Tourism and bio-diversity Crucial linkage

 

World Tourism Day(WTD) this year is being celebrated with the powerful theme “Tourism and Biodiversity”. The theme could not be more befitting to the concurrent situation of rapid global biodiversity loss, which has impact to the very well-being of the planet and all the living beings including the homo sapiens. If tourism is a vital socio-economic activity for the well-being of the human beings and the earth, then bio-diversity can be taken as the very lung-system. Global audit of bio-diversity alarms us to act at the global and individual nation level. Though Nepal has gathered global significance in some areas related to bio-diversity conservation, national data and indicators point to an alarming state warranting urgent actions.

Bio-diversity is an important renewable natural resource for any country. It has greater importance for a developing country like Nepal with its direct bearing on maintaining the balance in the natural environment. Being a signatory to the convention on bio-diversity in 1992, Nepal is committed to pursue management of its natural resources with the participation of women, indigenous people and the disadvantaged groups. Global affirmation was made on scientific management and conservation of bio-diversity for the benefit of mankind with the signing of the Agreement on Convention 011 International Trade of Endangered Species of Wild Flora and Fauna (CITES).

National Parks and Wildlife Protection Act was enacted in Nepal in 1972 for the management and conservation of representative ecosystems and the bio­-diversity. Nepal has set aside nearly 18.30 per cent of its land area as protected area under Himalayan High Hill, Hill, and Terai representative ecosystems for the management and conservation of biodiversity.

Nepal is ranked ninth in the world for its wealth and profuseness of bio-­diversity that includes as per DNPWC, 181 species of mammals, 844 species of birds, 180 species of fish, and 635 species of butterflies. It is estimated that there are about 30,000 species of wild flora in Nepal. Nepal has some of the rarest and precious wild flora and fauna in the world as listed under CITES. UNESCO first declared RoyalChitawn National Park as World Heritage site. Hence, Nepal has its own important international obligation to manage and protect its biodiversity for the future generations of the world.

Being signatory to the Ramsar Convention, Nepal has initiated related wetland and bio- diversity management and conservation works in Koshi Tappu Wildlife Reserve. Recently, HMG/N has declared 20,000 lakes in Chitwan district, Jagadishpur Reservoir in Kapilvastu district, and Ghoda-Gliodi Taal in Kailali district as protected areas for wetland management as per the Ramsar Convention.

Following the Rio Conference on Environment and Sustainable Development in 1992, GEF was created to assist countries globally to pursue environment management and conservation. Nepal government has recently approved Nepal Biodiversity Strategy document and also is in the process to set up an implementing mechanism for Nepal Biodiversity Strategy (NBS) by creating Nepal Biodiversity Trust Fund with autonomous, legal, and tax-free status.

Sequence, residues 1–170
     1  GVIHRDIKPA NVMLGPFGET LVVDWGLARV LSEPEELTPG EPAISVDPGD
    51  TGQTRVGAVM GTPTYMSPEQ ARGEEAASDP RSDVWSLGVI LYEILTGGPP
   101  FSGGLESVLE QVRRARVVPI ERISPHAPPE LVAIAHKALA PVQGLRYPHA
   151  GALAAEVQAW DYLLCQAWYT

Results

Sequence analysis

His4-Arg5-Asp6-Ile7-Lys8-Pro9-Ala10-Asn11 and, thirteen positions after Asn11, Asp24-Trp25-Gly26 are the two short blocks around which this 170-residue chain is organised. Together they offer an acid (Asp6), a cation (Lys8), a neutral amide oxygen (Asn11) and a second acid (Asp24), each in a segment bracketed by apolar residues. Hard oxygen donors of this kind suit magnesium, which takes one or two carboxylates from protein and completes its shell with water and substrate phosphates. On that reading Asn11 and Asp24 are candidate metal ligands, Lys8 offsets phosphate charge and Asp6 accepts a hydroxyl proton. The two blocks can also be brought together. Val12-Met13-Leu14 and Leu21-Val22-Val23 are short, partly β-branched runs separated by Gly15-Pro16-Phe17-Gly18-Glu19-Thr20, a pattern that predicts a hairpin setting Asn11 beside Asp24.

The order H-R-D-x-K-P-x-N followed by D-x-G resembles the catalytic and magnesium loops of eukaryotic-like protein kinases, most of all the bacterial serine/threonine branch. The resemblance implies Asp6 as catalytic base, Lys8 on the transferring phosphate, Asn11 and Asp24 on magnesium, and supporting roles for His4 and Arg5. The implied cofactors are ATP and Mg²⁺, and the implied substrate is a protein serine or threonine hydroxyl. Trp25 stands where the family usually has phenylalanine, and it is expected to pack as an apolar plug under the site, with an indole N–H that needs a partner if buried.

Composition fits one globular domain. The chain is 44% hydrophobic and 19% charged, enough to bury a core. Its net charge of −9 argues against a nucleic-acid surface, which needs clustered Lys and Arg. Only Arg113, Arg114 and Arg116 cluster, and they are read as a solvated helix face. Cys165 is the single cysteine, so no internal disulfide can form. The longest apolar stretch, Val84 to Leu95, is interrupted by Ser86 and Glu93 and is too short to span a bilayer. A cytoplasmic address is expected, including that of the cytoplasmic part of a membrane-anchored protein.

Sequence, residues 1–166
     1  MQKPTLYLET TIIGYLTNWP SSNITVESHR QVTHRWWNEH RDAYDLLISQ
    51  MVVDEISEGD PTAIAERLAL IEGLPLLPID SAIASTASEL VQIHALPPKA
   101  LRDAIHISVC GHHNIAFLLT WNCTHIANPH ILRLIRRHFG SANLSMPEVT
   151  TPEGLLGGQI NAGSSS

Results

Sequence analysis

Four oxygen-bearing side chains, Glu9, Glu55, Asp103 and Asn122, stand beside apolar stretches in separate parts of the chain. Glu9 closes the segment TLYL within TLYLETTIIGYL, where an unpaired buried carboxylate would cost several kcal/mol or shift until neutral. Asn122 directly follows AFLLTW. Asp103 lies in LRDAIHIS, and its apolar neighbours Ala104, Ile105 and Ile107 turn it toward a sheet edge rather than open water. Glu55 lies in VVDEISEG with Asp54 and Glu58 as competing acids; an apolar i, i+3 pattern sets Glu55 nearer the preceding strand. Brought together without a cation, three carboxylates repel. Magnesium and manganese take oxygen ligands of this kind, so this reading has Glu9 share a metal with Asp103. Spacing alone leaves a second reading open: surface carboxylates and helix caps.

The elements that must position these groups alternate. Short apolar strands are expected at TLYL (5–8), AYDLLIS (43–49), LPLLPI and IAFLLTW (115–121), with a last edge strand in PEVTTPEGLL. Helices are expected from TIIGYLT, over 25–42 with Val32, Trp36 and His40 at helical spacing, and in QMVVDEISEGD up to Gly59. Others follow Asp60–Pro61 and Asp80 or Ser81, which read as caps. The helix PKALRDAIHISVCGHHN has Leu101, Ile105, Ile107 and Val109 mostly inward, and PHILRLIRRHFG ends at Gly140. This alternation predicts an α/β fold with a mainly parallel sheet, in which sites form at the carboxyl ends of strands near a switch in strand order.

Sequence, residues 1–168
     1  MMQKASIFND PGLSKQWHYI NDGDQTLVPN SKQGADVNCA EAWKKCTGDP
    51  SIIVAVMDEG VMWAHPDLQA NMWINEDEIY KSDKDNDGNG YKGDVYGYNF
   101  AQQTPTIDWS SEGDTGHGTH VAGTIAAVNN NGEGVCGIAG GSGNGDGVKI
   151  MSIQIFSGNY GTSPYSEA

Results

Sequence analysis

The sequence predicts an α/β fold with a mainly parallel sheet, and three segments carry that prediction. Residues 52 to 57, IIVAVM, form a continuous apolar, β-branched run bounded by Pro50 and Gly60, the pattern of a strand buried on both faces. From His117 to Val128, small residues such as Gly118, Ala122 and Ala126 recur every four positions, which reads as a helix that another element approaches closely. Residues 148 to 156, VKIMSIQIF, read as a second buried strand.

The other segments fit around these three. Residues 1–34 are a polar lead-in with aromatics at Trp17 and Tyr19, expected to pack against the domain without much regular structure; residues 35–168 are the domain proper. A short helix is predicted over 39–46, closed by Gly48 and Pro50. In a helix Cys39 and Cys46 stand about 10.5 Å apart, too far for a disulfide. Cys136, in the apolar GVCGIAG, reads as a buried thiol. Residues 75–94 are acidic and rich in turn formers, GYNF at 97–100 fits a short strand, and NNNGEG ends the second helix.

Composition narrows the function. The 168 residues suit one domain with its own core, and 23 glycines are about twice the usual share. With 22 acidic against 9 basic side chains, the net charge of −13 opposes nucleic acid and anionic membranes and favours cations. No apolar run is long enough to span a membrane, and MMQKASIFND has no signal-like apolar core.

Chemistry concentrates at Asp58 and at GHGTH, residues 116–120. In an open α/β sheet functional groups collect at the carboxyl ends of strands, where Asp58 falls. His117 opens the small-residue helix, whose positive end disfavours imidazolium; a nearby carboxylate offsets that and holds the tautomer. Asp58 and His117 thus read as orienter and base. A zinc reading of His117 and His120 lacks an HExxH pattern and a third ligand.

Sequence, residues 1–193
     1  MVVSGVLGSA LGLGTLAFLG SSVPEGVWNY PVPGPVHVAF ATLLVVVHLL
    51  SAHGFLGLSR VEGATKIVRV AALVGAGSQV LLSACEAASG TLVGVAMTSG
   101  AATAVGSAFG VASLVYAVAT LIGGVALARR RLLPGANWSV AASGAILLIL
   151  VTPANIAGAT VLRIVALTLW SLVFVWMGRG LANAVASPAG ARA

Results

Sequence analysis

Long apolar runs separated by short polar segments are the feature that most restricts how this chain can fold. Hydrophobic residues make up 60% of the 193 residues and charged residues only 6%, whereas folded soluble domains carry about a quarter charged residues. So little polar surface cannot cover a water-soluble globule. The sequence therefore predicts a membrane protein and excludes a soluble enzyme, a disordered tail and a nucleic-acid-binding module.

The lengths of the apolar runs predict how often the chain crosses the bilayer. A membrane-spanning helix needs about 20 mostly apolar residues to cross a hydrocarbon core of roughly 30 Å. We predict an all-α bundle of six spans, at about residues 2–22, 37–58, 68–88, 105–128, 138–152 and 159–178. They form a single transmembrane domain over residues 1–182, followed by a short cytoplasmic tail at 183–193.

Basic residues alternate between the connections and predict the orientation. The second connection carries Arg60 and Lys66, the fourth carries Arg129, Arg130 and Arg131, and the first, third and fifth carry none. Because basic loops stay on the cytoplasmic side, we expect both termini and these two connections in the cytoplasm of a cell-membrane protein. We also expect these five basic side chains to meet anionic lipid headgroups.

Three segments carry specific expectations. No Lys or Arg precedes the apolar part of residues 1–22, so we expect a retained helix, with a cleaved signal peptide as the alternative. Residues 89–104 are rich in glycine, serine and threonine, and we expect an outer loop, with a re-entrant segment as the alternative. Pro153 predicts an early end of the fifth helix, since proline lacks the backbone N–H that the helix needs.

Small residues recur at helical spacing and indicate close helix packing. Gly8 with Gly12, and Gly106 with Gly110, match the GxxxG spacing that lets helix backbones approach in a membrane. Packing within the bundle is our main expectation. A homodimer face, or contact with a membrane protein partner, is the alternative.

The Fund will support conservation education, training, applied research, sustainable income generating activities, poaching control, women focused related programs, use of indigenous knowledge and practices for conservation education and policy development etc., as per the priorities set in the NBS.

With meaningful and responsible participation of domestic and international tourists, Nepal can promote and play an important role in nature conservation and environment management, to assure a progressive path for tourism to flourish in its true mission to conserve and promote biodiversity ensuring as well the socio-economic benefits expected from this sector.The WTD 2010 theme is to inculcate the true sense of tourism among all, that will accord highest priority for nature and biodiversity conservation.

The celebration of WTD clearly signifies a direct link between tourism and biodiversity. Nepal can be a Mecca for global tourists for bio-diversity. Ban Ki-moon appreciates the tourism community’s recognition of preserving biodiversity through tourism.

Both tourism and bio-diversity conservation have to go side by side for the socio-economic benefits that the former has the potential to provide while the bio-diversity loss can be stemmed for the posterity to be proud of.

The WTD should enlighten all the concerned, the tourists and the common people to appreciate the direct link between tourism and biodiversity. As a country, if sustained efforts are undertaken we can preserve biodiversity that will ensure more inflow of tourists.

We must promote responsible tourism that will not only promote bio-diversity conservation but sustain tourism itself on a long term basis. Rana is eco-cultural tourism promotion specialist

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